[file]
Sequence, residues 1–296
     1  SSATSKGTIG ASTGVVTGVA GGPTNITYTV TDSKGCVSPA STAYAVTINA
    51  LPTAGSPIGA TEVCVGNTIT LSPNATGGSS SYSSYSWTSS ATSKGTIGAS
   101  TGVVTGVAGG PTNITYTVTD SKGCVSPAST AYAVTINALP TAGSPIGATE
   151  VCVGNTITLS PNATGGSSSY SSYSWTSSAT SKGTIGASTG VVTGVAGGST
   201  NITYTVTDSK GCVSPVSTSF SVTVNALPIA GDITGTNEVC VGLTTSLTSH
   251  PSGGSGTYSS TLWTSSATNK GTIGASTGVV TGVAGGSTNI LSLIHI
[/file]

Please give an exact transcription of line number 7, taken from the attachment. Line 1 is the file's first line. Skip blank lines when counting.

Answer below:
   251  PSGGSGTYSS TLWTSSATNK GTIGASTGVV TGVAGGSTNI LSLIHI